Well what if they‟ve got something on their faces or something inappro-

MAT

I‟ll tell them.

LIZ

Would you always?

MAT

Always tell them.

LIZ

Okay.

MAT

Got a disabled mate of mine, saw him on the train the other day and his trousers were half way down his shorts, he smelt a bit greasy, you know like he hadn‟t washed for a while. I said, “Mate you‟re a wreck. You need to get a different care package because that is not good enough. I'm sorry to tell you that.” I got an email from him saying, “That was really upsetting but I‟m really glad you told me, and thank you.”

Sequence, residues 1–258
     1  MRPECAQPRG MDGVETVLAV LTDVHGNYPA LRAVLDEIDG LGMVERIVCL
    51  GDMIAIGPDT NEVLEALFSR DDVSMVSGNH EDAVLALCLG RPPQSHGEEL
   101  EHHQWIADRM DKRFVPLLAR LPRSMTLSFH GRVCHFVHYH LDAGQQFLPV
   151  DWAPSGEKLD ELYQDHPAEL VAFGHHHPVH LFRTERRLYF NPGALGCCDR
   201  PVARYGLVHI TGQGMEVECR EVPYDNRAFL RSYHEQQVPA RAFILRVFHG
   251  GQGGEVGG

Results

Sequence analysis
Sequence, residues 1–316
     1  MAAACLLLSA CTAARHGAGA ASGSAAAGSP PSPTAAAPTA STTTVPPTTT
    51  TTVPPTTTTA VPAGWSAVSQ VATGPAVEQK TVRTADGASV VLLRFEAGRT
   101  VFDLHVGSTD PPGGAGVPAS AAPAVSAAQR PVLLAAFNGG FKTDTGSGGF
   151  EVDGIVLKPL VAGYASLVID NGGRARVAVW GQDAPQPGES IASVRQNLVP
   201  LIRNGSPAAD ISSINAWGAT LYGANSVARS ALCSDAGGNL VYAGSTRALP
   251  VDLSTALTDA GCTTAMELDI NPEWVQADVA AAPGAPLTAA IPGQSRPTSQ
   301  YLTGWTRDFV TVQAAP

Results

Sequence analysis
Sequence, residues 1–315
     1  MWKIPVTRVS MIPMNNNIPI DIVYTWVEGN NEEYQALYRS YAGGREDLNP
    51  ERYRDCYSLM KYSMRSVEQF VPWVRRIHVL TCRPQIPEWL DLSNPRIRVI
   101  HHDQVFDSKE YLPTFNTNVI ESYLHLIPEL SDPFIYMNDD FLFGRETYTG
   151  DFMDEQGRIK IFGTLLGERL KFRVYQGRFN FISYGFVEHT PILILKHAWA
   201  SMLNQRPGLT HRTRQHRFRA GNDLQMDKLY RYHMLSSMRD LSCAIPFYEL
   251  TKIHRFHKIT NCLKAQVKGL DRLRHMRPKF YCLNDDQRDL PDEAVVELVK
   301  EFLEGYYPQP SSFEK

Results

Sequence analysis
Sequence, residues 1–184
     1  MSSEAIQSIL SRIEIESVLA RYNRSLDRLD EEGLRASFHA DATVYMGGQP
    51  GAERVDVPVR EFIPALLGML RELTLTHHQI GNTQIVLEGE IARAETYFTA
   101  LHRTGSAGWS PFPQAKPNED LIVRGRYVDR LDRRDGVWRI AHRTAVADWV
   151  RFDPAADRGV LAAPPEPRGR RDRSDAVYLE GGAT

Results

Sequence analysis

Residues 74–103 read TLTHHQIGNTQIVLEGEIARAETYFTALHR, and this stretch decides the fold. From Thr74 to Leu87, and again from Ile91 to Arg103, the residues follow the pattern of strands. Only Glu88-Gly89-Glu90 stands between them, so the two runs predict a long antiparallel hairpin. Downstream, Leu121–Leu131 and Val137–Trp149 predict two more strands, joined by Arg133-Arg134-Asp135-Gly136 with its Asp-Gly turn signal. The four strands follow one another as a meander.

LIZ

But whilst there might be a you‟ve got a bit of something on your face or whatever, that immediate thing, what if a friend, obviously, isn‟t bathing properly and their house is a wreck…

MAT

Yeah.

LIZ

… and you know they‟re not getting a decent care, but you know what I mean…

MAT

Well often it‟s because of that isn‟t it?

LIZ

But do you bring it up or do you just support them? I think it‟s a difficult one that one.

MAT

Well I think if you… okay I would love to know what listeners think about this but I would personally, if it was somebody I knew, if I gauge the situation and I thought… why don‟t we make a vote.

LIZ

Let‟s have a vote.

MAT

That‟s a brilliant idea…

LIZ

Yeah.

MAT

… of mine.

LIZ

She says having written it down in big letters and underlined it.

MAT